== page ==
Activision Blizzard launched its video game “Call of Duty: Mobile” last week to much fanfare.
Continue Reading Below
After a big debut week for the game, the company finds itself in the middle of the Hong Kong protest controversy at a time it has a huge potential audience waiting for the game in China.
The Wall Street Journal reports downloads of the game hit 100 million in the first week, with gross revenue totaling about $10 million globally, according data from Sensor Tower.
Activision did those numbers without China as it waits for government approval in the world’s largest market for mobile games.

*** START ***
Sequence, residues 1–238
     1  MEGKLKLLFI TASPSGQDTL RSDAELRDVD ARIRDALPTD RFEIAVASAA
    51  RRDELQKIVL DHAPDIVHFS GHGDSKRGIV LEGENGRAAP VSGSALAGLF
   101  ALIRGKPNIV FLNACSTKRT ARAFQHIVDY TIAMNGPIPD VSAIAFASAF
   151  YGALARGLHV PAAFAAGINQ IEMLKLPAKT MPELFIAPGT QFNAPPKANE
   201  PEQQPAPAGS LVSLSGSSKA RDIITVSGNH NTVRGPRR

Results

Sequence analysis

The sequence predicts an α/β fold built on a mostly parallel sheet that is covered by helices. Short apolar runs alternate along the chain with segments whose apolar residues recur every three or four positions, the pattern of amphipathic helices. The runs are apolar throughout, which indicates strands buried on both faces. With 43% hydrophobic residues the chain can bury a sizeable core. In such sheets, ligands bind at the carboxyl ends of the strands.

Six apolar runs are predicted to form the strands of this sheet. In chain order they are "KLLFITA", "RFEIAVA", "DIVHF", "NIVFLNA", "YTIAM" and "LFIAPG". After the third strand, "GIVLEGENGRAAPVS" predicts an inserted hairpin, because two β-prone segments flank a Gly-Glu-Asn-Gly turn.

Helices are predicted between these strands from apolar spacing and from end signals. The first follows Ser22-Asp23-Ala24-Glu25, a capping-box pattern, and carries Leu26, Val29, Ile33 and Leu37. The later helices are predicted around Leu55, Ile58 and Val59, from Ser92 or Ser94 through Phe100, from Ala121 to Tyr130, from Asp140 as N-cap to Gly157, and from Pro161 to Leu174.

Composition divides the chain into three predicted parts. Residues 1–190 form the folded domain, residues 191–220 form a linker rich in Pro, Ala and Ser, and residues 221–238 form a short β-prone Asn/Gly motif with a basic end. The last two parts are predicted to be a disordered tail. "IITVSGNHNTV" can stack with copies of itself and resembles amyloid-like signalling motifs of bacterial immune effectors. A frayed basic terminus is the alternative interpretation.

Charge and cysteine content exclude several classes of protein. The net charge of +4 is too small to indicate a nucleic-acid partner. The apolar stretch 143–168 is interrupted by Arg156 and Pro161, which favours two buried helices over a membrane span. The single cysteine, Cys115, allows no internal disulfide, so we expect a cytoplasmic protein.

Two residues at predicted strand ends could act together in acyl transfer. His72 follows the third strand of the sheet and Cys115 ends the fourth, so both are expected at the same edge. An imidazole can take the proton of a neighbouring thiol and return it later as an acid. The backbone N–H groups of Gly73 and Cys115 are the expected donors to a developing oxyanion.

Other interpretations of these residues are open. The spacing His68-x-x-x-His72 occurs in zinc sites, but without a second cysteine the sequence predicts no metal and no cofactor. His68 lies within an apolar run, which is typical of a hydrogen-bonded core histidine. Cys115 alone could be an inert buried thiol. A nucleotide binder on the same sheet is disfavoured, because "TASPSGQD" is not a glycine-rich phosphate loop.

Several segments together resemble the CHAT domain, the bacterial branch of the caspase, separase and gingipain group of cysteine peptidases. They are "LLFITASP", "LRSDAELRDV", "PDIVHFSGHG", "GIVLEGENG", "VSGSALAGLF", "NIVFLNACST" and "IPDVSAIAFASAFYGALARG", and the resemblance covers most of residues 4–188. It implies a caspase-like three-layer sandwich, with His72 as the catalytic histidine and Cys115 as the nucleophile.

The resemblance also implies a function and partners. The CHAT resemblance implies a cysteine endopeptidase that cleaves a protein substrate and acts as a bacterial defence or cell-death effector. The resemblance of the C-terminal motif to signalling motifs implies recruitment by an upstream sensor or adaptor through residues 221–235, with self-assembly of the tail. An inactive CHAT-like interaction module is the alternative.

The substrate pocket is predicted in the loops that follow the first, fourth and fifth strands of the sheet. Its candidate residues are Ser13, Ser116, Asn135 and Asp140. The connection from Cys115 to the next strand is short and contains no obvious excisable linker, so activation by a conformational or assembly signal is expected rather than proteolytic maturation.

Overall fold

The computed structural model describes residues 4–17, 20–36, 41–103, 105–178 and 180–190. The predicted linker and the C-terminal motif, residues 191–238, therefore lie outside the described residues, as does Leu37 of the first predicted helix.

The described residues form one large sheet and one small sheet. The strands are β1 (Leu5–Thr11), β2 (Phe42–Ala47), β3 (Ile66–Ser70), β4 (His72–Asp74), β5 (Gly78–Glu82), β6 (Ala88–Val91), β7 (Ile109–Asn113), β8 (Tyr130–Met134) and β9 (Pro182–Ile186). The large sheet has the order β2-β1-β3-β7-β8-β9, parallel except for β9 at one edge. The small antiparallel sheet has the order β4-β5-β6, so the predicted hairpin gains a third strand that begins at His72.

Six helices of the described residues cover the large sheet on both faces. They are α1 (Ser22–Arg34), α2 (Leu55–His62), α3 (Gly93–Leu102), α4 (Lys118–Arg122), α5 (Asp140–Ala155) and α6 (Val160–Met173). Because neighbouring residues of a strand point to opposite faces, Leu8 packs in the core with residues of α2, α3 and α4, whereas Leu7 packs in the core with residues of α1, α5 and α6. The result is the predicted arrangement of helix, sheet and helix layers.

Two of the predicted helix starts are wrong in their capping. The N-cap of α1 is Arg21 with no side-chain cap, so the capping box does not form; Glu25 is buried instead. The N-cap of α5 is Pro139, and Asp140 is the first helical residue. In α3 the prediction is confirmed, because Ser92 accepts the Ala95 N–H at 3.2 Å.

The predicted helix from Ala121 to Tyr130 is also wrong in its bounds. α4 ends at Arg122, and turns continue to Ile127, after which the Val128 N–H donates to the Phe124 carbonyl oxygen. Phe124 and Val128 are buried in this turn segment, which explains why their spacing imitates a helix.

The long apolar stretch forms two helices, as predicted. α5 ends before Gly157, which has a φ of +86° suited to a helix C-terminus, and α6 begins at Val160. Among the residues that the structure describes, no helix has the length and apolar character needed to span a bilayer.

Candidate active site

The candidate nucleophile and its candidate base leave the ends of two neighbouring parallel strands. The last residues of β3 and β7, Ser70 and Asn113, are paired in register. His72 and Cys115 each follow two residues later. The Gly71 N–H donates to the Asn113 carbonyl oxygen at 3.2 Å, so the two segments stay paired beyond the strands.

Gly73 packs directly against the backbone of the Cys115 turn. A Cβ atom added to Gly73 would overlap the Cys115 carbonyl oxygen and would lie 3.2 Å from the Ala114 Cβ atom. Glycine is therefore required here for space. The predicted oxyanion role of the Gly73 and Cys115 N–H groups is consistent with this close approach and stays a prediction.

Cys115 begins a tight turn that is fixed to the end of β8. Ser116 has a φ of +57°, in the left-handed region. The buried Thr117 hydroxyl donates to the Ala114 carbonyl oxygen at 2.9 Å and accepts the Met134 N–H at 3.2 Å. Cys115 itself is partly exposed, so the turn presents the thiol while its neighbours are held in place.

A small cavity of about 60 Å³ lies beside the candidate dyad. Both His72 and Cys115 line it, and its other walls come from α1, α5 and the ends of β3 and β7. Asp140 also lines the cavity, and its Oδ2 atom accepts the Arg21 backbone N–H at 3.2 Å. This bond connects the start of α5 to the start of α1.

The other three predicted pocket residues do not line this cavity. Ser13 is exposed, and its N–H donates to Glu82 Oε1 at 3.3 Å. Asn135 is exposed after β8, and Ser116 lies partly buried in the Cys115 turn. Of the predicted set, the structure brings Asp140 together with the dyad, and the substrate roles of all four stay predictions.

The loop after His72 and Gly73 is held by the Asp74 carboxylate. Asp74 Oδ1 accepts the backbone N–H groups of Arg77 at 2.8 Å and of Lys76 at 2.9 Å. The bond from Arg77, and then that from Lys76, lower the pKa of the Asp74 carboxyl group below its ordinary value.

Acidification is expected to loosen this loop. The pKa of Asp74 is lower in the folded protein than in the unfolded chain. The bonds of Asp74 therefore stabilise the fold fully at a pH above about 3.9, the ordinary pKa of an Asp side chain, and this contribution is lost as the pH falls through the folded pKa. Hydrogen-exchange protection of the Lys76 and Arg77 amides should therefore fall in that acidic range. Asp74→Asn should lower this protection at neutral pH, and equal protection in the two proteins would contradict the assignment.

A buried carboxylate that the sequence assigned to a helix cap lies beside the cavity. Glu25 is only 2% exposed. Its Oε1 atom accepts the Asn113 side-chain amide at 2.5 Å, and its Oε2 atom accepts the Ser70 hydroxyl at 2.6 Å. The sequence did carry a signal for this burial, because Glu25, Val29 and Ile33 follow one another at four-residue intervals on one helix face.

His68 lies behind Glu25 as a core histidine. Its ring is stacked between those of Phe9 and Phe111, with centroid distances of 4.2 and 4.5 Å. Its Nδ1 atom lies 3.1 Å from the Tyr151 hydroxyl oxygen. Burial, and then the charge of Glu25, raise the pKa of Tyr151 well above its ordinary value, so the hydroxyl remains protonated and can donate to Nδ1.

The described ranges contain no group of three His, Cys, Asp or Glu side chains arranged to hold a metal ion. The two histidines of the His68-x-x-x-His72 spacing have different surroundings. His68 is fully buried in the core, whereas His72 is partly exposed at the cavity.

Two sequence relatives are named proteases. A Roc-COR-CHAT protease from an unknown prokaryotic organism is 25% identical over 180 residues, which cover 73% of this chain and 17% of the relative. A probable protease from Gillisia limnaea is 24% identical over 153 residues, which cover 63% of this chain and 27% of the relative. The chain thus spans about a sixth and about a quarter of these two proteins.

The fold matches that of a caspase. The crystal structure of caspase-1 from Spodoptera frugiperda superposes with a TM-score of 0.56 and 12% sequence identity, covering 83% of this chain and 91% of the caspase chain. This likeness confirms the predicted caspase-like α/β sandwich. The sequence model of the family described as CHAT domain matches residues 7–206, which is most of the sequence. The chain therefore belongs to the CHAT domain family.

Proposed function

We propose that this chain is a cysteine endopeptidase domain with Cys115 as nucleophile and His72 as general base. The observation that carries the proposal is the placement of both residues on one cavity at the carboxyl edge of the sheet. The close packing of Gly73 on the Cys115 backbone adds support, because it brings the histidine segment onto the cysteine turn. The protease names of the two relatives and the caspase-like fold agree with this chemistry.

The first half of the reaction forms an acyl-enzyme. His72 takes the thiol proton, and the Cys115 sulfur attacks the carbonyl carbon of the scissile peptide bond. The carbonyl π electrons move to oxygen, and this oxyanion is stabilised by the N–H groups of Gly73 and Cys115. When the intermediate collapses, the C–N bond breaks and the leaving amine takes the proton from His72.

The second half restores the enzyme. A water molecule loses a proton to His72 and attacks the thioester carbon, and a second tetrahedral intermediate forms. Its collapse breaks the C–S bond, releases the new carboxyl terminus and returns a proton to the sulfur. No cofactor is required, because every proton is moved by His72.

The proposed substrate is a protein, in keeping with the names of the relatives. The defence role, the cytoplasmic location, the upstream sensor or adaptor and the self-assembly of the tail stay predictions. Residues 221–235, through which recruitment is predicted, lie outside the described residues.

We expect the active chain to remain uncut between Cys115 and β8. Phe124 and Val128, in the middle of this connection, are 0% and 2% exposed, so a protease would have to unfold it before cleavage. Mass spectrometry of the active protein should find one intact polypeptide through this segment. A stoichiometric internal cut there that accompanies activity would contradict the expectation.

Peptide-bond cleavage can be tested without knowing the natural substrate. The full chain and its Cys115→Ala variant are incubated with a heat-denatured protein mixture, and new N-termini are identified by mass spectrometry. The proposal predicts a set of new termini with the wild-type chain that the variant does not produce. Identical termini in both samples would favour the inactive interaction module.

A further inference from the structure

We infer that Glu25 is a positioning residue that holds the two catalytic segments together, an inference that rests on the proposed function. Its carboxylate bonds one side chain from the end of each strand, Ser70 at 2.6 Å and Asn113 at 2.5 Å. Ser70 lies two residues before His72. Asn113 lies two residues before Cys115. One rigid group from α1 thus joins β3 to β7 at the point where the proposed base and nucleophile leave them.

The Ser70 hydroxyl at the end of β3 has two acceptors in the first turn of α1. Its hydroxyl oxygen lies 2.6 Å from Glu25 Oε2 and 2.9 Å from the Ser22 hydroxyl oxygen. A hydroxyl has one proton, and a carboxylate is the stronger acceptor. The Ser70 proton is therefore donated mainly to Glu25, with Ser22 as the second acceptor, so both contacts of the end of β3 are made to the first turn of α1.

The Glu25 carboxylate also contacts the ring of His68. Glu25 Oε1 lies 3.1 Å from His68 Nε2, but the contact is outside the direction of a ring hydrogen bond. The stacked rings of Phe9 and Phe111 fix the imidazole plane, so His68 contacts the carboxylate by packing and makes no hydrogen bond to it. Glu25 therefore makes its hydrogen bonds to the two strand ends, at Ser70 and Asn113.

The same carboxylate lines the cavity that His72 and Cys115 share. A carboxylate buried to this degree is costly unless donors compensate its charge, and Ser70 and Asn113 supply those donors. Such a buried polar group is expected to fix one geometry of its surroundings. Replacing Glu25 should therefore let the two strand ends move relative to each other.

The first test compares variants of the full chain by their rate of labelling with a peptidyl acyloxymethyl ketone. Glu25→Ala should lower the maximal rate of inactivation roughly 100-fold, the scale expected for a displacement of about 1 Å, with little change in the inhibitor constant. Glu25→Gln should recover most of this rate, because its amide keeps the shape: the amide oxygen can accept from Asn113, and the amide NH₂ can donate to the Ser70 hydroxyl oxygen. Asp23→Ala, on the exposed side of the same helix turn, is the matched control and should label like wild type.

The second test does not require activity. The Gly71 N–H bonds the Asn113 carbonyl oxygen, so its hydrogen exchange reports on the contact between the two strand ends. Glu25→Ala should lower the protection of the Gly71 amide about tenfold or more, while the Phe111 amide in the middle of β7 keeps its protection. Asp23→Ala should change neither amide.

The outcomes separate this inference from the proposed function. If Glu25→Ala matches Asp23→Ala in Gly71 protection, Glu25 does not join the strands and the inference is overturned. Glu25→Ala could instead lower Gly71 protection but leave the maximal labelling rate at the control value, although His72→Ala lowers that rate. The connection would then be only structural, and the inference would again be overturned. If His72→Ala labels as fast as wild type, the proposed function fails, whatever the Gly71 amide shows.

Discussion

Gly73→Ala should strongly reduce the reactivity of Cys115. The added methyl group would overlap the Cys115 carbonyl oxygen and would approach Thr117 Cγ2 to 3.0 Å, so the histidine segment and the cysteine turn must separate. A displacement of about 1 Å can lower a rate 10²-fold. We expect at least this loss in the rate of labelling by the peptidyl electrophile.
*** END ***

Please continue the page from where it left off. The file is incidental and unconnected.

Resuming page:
On Tuesday, the company suspended a player from one of its esports competitions after the player publicly voiced sympathy for the Hong Kong protesters, according to the Journal.
|ATVI||ACTIVISION BLIZZARD INC.||55.56||+0.55||+1.00%|
It sparked criticism from American politicians and calls for a boycott of all Blizzard properties.
At the same time the National Basketball Association is involved in its own controversy.
It would not be a good time for a boycott as revenue at Blizzard has fallen in the last two quarters and is expected to be down 28 percent, according to FactSet.